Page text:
One way the fabrication process minimizes damage to the substrate is by doing as many processes on both sides at once as possible. This influenced how thick the initial adhesion layer needed to be, since in order to perform photolithography on both sides at once, there needed to be enough metal to block UV. 100 nm of titanium on each side has proved sufficient. A dry film (MX5020, DuPont Inc.) negative photoresist was used rather than a liquid photoresist due to the holes already present in the substrate. Additionally, it came with double-sided plastic, one side to be removed for application, and the other to be removed after UV exposure, thereby minimizing mask contamination during photolithography. The photoresist was applied slowly using a small, hard circular disk on a very flat, clean surface, and then placed on a hot plate between two flat weights kept at 95 °C for 10 minutes.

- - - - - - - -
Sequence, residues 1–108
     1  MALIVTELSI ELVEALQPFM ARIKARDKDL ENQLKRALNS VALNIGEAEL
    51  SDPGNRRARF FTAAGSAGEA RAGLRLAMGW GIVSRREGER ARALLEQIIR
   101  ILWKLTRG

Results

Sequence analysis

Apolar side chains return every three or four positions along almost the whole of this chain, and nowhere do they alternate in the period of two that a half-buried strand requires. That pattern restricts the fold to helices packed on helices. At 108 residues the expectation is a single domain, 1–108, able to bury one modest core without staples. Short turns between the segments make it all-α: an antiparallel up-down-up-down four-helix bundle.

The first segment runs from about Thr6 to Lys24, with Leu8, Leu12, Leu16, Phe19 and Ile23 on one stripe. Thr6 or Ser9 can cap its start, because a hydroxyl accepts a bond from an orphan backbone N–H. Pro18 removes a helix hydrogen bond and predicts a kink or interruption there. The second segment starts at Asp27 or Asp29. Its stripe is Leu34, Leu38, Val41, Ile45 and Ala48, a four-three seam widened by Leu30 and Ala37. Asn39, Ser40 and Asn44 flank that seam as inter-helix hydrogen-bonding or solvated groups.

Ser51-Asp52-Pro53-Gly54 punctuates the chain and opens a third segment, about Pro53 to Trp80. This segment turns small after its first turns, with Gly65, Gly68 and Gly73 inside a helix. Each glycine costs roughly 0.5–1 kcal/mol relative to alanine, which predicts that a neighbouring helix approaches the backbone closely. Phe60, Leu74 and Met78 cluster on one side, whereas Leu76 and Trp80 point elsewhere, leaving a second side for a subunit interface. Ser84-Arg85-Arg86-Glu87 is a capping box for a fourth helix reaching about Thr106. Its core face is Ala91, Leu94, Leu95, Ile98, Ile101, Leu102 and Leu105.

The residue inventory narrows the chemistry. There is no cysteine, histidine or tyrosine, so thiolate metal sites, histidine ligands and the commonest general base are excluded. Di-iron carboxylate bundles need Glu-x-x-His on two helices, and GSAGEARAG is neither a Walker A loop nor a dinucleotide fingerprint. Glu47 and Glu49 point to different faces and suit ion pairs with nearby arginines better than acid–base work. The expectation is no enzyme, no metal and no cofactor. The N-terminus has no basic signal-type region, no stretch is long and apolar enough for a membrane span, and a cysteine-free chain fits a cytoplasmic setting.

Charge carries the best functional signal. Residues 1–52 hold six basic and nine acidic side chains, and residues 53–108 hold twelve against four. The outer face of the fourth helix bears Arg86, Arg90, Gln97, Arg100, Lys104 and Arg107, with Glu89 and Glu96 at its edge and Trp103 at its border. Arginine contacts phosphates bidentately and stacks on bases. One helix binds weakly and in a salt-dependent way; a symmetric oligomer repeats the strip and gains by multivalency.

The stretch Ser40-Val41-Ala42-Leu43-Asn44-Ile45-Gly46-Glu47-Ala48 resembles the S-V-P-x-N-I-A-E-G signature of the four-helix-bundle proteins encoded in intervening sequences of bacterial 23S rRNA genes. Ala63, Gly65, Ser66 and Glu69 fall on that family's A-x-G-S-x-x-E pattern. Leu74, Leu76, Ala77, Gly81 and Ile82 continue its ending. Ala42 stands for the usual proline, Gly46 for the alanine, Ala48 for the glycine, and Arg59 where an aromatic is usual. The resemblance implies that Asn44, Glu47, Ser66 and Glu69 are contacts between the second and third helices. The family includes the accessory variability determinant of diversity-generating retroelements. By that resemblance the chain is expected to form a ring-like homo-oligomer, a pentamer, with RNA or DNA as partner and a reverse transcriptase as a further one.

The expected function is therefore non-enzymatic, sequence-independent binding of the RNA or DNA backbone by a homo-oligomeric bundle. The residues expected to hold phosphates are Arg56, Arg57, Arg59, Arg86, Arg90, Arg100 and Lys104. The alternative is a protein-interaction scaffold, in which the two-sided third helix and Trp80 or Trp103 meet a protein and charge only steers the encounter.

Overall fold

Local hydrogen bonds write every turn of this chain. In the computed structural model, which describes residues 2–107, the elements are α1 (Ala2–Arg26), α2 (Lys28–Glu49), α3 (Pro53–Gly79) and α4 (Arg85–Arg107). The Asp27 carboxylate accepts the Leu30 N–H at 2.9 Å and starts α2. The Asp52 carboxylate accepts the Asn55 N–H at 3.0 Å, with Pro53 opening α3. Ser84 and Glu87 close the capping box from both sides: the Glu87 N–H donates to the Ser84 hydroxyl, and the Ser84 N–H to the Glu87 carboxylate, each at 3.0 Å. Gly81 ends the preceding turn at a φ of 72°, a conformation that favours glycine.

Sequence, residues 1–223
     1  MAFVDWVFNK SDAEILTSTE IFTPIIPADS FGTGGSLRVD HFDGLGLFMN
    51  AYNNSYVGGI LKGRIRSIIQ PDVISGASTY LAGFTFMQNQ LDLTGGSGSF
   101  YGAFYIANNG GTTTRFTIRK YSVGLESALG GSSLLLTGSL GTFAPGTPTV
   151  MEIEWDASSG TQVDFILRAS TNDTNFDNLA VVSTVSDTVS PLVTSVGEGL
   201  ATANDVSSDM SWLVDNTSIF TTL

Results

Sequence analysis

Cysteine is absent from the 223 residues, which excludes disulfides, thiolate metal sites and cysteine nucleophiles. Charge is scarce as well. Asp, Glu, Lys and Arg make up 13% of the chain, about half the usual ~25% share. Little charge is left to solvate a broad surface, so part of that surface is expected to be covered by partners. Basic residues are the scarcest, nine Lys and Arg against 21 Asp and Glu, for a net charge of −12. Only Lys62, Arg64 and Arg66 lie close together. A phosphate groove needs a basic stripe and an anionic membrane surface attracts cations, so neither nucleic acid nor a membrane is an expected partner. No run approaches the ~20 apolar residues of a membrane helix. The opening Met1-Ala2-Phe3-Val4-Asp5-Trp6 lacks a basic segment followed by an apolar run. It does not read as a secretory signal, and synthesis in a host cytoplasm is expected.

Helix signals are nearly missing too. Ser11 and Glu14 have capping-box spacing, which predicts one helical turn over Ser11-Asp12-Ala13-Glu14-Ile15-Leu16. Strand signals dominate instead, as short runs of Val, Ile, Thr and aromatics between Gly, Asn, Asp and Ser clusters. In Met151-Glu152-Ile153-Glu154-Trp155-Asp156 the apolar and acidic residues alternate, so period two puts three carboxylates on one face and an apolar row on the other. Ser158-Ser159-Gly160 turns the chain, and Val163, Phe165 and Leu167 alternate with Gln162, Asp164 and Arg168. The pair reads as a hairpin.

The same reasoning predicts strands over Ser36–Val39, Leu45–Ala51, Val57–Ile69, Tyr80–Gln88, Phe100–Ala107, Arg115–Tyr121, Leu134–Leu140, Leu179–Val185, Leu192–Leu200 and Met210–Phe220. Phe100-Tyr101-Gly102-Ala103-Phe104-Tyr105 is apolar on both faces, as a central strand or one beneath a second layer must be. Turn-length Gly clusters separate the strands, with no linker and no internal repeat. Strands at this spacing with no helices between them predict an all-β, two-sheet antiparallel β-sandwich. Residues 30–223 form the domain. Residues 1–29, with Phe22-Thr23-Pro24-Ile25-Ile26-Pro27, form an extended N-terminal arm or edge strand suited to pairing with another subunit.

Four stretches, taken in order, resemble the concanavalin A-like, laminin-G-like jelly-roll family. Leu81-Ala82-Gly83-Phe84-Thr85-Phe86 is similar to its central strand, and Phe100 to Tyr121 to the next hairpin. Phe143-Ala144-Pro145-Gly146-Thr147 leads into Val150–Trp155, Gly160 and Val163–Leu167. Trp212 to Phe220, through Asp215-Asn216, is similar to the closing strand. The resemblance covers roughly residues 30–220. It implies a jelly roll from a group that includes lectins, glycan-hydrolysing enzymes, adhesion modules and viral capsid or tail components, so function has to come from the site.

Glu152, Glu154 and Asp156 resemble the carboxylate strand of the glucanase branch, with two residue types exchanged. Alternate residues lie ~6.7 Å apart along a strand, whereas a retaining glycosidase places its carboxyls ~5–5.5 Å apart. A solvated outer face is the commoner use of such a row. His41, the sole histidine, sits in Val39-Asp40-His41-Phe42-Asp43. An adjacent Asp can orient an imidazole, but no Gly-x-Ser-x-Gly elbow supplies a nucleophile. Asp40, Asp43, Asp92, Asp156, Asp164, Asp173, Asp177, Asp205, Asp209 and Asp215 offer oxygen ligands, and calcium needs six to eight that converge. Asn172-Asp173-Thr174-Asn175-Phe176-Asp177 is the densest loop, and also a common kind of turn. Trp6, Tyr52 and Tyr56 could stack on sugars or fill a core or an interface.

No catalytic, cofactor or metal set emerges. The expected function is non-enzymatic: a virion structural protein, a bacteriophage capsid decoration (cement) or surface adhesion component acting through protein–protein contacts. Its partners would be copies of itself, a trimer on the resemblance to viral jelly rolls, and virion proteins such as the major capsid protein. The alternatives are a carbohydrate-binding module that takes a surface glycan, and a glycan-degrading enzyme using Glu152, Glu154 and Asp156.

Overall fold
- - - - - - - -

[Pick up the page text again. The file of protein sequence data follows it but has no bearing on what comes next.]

The sputter deposition of the conductor layer is both preceded and followed by deposition of a 10 nm thick titanium layer while still in the process chamber to improve adhesion. One set of copper-only structures were made, as well as a set of structures with 150 nm/25 nm copper/permalloy multi-layering to 10 pairs, totaling the 1.75 μm designed thickness. Sputter deposition has the disadvantage of being more costly and time-consuming than electroplating, but yields very smooth conductors, something that is required for a closer match to theoretical predictions, as noted by [13].